Relatives and friends of the abducted Nigerian schoolgirls have identified some of them from a video released by Boko Haram Islamist militants.
The footage showed about 130 of more than 200 girls who were kidnapped a month ago from their boarding school in Borno state reciting Koranic verses.
Boko Haram's leader says the captured girls who have not converted to Islam can be swapped for jailed fighters.
Nigeria's government says it is considering all options.
In another development, the country's president is seeking a six-month extension to the year-old state of emergency in three north-eastern states worst hit by Boko Haram attacks.
Meanwhile, the US has revealed it is flying manned surveillance missions over Nigeria to an effort to find the missing schoolgirls.
A team of about 30 US experts - members of the FBI and defence and state departments - is in Nigeria to help with the search. The UK, France and China also have teams on the ground in Nigeria and an Israeli counter-terrorism team is on its way.
The 27-minute footage was shown to some people in Chibok - the town where the girls were kidnapped - on Monday evening.
Not all girls are from Chibok itself as pupils from surrounding areas had come to do their final year exams in April as the school in the town was considered relatively safe.
A community leader in Chibok told the BBC that school friends had identified three of the girls in the video.
A mother had also recognised her daughter from the girls who appear in a group wearing hijabs, the chairman of the parents-teachers association at the school told the Reuters news agency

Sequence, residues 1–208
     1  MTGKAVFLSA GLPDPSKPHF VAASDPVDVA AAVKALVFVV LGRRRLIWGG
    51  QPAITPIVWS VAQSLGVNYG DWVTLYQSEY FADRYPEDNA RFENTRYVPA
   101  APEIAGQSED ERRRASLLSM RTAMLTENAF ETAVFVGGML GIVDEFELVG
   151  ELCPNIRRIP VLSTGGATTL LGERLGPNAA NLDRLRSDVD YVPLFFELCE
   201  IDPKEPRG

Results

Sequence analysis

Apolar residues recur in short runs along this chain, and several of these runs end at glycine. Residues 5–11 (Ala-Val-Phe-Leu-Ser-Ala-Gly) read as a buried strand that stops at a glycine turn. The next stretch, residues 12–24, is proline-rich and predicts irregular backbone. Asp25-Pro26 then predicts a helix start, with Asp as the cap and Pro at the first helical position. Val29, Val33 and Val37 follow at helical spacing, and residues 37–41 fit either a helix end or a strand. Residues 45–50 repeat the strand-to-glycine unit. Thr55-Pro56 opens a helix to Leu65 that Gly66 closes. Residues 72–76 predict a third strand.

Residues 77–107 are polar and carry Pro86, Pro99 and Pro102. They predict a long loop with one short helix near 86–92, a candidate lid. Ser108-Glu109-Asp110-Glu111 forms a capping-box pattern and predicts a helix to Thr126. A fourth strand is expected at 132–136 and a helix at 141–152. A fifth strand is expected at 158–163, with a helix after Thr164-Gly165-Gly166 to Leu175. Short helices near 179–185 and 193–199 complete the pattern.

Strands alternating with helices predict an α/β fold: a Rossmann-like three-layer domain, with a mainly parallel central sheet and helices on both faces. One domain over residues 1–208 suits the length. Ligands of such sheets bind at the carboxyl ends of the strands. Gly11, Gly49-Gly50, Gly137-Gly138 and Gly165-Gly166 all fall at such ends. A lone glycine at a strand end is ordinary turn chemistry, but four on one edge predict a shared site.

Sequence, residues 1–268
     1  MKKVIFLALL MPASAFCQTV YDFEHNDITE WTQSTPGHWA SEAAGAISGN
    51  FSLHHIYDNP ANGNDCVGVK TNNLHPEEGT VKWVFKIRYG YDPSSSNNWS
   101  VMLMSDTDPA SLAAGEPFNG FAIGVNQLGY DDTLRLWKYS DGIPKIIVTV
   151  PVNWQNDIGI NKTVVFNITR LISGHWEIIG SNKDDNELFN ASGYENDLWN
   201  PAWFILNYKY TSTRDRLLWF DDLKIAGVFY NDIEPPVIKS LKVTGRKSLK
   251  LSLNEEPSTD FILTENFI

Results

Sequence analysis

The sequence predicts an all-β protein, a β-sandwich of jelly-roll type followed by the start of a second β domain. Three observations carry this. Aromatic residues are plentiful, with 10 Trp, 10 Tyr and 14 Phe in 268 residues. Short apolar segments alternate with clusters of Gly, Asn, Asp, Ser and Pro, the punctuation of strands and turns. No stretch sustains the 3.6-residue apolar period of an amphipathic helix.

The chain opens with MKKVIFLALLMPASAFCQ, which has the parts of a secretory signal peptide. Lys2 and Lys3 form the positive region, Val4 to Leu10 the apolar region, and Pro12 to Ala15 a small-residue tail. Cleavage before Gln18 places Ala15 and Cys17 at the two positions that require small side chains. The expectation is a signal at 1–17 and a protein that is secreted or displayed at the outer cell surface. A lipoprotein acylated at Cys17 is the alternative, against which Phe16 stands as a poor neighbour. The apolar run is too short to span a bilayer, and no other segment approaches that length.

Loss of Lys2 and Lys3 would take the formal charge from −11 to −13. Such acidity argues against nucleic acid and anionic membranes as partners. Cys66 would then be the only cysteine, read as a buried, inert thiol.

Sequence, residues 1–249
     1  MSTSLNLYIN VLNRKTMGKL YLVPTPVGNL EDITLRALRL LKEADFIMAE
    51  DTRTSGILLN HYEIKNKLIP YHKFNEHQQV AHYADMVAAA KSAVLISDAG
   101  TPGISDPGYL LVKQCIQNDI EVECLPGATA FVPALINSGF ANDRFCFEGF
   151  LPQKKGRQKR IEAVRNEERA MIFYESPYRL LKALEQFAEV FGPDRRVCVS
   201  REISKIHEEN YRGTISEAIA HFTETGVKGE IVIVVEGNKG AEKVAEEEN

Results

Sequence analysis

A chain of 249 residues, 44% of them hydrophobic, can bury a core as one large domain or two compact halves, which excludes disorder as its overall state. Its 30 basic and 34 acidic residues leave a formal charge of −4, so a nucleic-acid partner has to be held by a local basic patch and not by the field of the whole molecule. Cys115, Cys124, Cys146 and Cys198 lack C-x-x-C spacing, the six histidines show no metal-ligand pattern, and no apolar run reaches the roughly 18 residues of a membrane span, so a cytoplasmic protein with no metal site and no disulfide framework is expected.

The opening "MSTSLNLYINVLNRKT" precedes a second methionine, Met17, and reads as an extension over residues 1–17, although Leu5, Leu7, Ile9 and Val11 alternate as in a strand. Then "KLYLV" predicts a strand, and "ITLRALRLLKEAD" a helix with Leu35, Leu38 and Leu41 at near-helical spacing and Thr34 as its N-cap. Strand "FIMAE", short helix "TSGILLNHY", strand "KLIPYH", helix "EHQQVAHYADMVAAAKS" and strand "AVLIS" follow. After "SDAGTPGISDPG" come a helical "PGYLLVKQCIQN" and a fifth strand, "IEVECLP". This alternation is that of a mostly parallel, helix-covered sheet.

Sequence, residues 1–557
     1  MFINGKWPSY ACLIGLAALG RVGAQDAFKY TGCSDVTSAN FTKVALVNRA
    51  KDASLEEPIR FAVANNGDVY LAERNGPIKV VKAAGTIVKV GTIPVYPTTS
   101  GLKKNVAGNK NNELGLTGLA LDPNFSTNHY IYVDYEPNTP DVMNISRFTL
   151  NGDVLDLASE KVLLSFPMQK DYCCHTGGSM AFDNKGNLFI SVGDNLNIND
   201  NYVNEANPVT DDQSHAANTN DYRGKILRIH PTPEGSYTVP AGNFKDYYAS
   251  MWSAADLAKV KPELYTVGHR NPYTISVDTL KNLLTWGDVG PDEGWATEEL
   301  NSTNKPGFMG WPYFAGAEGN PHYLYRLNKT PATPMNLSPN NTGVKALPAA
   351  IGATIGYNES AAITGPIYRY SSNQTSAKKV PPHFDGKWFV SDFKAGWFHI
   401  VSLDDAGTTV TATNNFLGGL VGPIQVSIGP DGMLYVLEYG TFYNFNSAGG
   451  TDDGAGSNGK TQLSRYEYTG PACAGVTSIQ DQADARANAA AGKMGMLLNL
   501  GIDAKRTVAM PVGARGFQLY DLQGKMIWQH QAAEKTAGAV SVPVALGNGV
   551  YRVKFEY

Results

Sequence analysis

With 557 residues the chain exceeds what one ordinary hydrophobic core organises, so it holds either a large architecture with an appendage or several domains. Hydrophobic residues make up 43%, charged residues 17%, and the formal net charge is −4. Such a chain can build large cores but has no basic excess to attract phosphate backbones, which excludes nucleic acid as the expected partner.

"The video got parents apprehensive again after watching it but the various steps taken by the governments and the coming of the foreign troops is boosting our spirit, even though I have not seen the any one soldier in Chibok yet," Dumoma Mpur said.
The girls' families have said that most of those seized are Christians, although there are a number of Muslims among them.
Two girls on the video singled out for questioning said they were Christians but had converted to Islam. Another said she was Muslim.
Boko Haram leader Abubakar Shekau said the girls could be exchanged for "our brethren in your prison".
"I swear to almighty Allah, you will not see them again until you release our brothers that you have captured," he said.
Last week, he threatened to sell the girls into slavery.
A Nigerian government statement said "all options" for the girls' release were on the table.
Earlier, Interior Minister Abba Moro appeared to dismiss the militants' offer, saying no exchange would take place. The reason for the discrepancy was unclear.
The BBC's Mark Doyle, in the capital, Abuja, says it appears some sort of negotiations will take place because of the large presence of international advisers in the country, including hostage negotiators.
Boko Haram, whose name means "Western education is forbidden", had previously said the girls should not have been at school and should get married instead.
The militants have been engaged in a violent campaign against the Nigerian government since 2009.
President Goodluck Jonathan - whose government has been heavily criticised for its response to the abduction - said on Sunday that help from abroad had made him optimistic about finding the girls.
He said he believed the girls were still in Nigeria.
The kidnapping has triggered a huge international campaign with world leaders and celebrities calling for the girls to be released.